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ICE officials are allegedly torturing Africans into signing own deportation orders

Detainees claim they’ve been beaten, handcuffed and pepper sprayed by Mississippi ICE officials who want them deported.

ICE officials Charles Reed / ICE

ICE officials in Mississippi are allegedly torturing and using excessive force against African detainees to coerce them into signing their own deportation orders.

The Guardian has obtained several statements from multiple sources alleging the federal agents are seeking to quickly deport as many people as possible.

“The abuse we are witnessing, especially right now against Black immigrants, isn’t new, but it is escalating. In late September, early October of this year, we began to receive calls on our hotline from Cameroonian and Congolese immigrants detained in ICE prisons across the country. And they were being subjected to threats of deportation often accompanied by physical abuse,” said Freedom for Immigrants Executive Director Christina Fialho.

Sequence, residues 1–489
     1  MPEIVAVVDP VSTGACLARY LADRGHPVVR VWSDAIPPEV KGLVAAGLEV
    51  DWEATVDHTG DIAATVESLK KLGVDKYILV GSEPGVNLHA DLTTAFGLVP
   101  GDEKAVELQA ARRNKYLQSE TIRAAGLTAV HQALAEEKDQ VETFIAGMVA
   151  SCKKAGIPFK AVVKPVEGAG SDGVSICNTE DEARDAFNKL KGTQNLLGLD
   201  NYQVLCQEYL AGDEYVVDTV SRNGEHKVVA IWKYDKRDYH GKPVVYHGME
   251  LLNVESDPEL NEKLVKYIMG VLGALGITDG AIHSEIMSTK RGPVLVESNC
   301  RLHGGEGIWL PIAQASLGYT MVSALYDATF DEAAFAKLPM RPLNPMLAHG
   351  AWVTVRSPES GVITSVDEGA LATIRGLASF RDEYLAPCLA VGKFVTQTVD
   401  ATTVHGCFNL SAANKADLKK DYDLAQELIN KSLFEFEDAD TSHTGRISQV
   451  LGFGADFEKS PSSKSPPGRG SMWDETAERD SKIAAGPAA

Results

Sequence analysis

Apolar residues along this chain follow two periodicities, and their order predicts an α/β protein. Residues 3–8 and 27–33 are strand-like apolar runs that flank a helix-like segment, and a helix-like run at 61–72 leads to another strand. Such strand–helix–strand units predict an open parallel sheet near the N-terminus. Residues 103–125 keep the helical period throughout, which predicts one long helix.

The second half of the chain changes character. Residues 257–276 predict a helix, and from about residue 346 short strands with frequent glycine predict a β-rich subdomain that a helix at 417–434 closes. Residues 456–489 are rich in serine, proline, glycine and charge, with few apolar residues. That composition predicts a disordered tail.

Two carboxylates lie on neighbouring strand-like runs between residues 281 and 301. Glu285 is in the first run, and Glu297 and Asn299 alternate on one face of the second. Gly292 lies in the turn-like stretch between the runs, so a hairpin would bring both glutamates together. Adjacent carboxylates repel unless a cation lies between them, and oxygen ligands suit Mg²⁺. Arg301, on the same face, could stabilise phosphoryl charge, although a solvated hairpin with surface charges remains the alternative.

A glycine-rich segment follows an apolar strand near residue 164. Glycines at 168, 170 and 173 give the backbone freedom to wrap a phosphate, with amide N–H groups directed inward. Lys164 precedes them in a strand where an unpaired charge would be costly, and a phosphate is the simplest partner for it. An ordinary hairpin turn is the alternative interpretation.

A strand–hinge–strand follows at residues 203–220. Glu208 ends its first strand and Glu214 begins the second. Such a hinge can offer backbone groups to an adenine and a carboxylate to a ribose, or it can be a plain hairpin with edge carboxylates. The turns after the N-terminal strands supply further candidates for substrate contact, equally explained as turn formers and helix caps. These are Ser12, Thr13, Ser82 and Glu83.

According to various accounts, detainees were beaten, handcuffed and pepper sprayed when they refused to sign their own orders of removal. On some occasions, their fingerprints were forced onto deportation papers. Those with incriminating testimonies about their mistreatment were allegedly deported so they wouldn’t testify and arrested by the Cameroonian military upon their arrival. Many deportees have not been heard from since they were displaced.

“The reality is that ICE operates in the shadows. They thrive in secrecy. We know that the U.S. government is deporting key witnesses in an effort to silence survivors and absolve ICE of legal liability,” Fialho said.

The Southern Poverty Law Center and Freedom for Immigrants has filed a lawsuit against ICE officials, citing a range of abuse from various people.

In one account, a person identified as B.J. recalled being pepper sprayed and strangled “almost to the point of death.” A second person, a man identified as D.F., claimed he lost blood circulation after his neck was pressed into the floor, and in a third account, an unidentified man said he was lugged across the ground before officers forced his fingerprint onto a deportation order and broke his fingers.

ICE spokeswoman Sarah Loicano called the statements “sensationalist, unsubstantiated allegations” that should not have been made anonymously.

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